- Animal-free: Design in vitro test platforms and humanized disease models
- Cell plasticity: Study cells in their (patho)physiological micro-environment
- Heterogeneity: Consider cellular and structural vascular build-up
- Translatability: Utilize patient samples
- Time-dependency: Record continuous data with high temporal and spatial resolution
Our research portfolio focuses on two main thematic areas. Program 1: The interaction of blood components with vascular cells and their extracellular matrix (ECM). Program 2: Cell plasticity and heterogeneity in control of lung vascular remodeling, thrombosis, and hemostasis. Specifically, projects comprise the therapeutic normalization of platelet function in COVID-19; mechanisms of in situ thrombosis in chronic thromboembolic pulmonary hypertension (CTEPH); pharmacological modulation of endothelial kinase profiles in pulmonary arterial hypertension (PAH); and the study of altered lung ECM in PAH.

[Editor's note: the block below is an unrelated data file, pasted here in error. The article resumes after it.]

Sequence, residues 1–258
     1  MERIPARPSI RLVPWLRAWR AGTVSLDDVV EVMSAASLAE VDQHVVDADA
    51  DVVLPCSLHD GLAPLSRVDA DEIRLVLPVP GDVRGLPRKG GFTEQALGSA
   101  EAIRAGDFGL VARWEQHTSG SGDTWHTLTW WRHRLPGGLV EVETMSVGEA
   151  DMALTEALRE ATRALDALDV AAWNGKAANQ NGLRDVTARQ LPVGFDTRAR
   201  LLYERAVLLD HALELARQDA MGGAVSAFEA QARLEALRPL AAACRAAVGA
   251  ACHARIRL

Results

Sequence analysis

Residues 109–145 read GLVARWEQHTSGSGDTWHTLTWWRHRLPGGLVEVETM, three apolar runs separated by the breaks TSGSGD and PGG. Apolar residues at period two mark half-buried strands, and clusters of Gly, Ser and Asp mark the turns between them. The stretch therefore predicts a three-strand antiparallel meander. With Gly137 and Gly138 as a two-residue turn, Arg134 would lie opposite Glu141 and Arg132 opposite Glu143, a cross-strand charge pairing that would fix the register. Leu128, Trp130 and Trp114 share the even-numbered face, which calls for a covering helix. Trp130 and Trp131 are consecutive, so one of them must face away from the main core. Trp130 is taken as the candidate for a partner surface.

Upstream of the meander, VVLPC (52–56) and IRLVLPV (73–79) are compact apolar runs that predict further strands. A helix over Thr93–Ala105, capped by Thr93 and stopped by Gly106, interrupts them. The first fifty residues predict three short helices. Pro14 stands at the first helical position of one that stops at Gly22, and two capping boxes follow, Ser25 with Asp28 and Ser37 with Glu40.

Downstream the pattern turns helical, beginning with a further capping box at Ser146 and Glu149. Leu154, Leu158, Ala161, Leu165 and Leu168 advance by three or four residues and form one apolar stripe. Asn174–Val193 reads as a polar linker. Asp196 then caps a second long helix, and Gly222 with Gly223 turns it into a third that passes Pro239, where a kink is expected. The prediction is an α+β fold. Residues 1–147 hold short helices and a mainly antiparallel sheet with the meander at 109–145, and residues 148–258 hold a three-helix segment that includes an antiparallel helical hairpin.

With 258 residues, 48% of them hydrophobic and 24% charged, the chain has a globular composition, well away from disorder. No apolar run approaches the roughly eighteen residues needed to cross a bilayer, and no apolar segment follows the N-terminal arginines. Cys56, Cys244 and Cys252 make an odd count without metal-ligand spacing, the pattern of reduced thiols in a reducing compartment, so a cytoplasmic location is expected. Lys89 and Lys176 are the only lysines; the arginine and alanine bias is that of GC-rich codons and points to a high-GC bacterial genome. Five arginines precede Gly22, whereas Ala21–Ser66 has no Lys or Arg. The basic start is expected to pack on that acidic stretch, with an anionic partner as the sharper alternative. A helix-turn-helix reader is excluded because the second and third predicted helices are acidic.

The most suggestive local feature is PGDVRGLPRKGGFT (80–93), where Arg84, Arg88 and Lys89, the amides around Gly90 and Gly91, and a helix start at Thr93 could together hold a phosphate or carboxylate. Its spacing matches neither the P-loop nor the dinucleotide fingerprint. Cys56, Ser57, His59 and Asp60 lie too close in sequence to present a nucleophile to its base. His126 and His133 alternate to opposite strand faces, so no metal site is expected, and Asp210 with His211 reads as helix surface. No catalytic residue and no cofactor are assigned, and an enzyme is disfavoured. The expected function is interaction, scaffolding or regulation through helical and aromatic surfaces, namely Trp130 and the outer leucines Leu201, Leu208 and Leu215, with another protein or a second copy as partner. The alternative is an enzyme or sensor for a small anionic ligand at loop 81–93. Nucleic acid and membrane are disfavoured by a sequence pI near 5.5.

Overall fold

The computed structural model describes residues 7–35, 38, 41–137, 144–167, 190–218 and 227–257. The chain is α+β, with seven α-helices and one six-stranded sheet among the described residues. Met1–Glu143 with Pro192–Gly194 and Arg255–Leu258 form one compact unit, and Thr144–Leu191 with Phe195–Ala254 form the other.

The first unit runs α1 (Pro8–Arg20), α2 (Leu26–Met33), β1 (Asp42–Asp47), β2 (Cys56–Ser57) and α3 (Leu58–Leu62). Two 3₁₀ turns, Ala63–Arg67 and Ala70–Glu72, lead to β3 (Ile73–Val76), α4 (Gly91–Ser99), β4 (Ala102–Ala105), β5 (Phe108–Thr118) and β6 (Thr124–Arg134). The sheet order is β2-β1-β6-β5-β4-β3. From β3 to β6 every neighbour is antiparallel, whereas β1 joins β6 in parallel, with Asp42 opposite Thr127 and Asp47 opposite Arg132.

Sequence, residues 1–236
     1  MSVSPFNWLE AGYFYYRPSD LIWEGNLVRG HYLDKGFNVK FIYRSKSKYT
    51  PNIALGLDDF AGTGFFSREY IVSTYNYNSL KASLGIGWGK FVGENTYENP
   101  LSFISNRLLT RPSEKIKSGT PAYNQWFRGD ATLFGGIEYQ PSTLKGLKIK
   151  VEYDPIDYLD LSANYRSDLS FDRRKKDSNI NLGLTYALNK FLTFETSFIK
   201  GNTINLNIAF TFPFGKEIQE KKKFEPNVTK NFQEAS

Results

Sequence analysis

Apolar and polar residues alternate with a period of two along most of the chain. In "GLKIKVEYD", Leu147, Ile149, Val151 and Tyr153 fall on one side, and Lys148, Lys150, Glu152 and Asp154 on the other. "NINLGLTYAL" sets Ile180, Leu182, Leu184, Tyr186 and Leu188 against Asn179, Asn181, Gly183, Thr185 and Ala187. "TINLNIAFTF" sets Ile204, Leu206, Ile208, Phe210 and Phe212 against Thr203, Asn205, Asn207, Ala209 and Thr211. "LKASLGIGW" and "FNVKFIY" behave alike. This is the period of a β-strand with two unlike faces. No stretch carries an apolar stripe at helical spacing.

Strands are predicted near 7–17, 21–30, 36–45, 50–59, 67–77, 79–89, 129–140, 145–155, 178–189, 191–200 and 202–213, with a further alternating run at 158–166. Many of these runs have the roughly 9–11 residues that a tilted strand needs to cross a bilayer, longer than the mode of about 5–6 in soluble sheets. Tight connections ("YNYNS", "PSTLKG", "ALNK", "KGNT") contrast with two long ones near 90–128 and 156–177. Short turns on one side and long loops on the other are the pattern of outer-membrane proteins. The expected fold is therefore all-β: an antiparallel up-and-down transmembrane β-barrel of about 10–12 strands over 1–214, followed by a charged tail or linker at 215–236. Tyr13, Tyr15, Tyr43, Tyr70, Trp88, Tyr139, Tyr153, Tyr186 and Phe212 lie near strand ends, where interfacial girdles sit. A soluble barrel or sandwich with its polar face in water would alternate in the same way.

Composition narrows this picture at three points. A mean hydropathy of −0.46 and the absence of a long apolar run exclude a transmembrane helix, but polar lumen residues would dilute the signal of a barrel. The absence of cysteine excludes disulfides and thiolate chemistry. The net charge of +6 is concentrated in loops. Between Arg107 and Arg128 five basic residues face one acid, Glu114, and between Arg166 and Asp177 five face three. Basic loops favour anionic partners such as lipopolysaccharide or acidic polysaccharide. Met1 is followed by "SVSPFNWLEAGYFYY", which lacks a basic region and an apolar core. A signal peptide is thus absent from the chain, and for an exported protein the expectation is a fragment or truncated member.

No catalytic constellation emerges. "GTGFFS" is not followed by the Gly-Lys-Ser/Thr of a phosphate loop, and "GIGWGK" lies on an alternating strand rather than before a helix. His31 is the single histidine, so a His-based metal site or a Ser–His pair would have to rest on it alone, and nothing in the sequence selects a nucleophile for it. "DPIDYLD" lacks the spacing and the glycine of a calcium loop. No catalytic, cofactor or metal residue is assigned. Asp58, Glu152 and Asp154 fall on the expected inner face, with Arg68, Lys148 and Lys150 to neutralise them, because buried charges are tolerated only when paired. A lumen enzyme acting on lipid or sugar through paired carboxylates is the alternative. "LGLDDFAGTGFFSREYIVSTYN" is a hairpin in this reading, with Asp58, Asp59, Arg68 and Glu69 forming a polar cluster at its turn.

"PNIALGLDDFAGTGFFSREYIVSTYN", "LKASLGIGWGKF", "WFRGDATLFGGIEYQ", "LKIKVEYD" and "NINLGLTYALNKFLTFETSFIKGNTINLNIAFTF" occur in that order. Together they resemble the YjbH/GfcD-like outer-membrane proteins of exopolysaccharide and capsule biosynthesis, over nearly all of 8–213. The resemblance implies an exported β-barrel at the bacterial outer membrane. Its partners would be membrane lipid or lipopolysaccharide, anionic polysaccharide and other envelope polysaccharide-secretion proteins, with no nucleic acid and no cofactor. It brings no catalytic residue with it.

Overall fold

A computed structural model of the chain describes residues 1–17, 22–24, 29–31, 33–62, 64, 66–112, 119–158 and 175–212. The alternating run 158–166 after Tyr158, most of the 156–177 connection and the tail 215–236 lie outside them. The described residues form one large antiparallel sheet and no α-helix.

Program 1: Interaction of blood components with vascular cells and their ECM.
Program 2: Endothelial plasticity and heterogeneity in control of lung vascular remodeling.
Our work builds upon close collaborations with clinical departments, the use of patient material, and the isolation and culture of a variety of primary vascular and blood circulating cells (Table 1). We use different state-of-the-art optical and electrical real-time measurements, and multi-omics approaches to characterize these biological samples (Figure 1). The latter includes single-cell and global RNA-sequencing, as well as proteome, and kinome profiling. The generated insights are used to model hallmarks of disease (e.g., extracellular matrix composition, fluid flow profiles) and thereby uncover disease-specific cellular dysfunctions. In general, our methodological and technological approaches cover a wide spectrum of biological experimentation with a methodological focus on in vitro thrombosis modelling (Manz et al., 2020), application of fluid flow (Szulcek et al., 2016), and real-time electric characterization of cell responses to wounding, mechanical and chemical stimuli (Szulcek et al., 2014). These model systems allow exploring pathomechanisms ex-vivo, to study the interaction of vascular compartments and cell types in vitro, and to test new therapeutic strategies (Manz et al., 2022).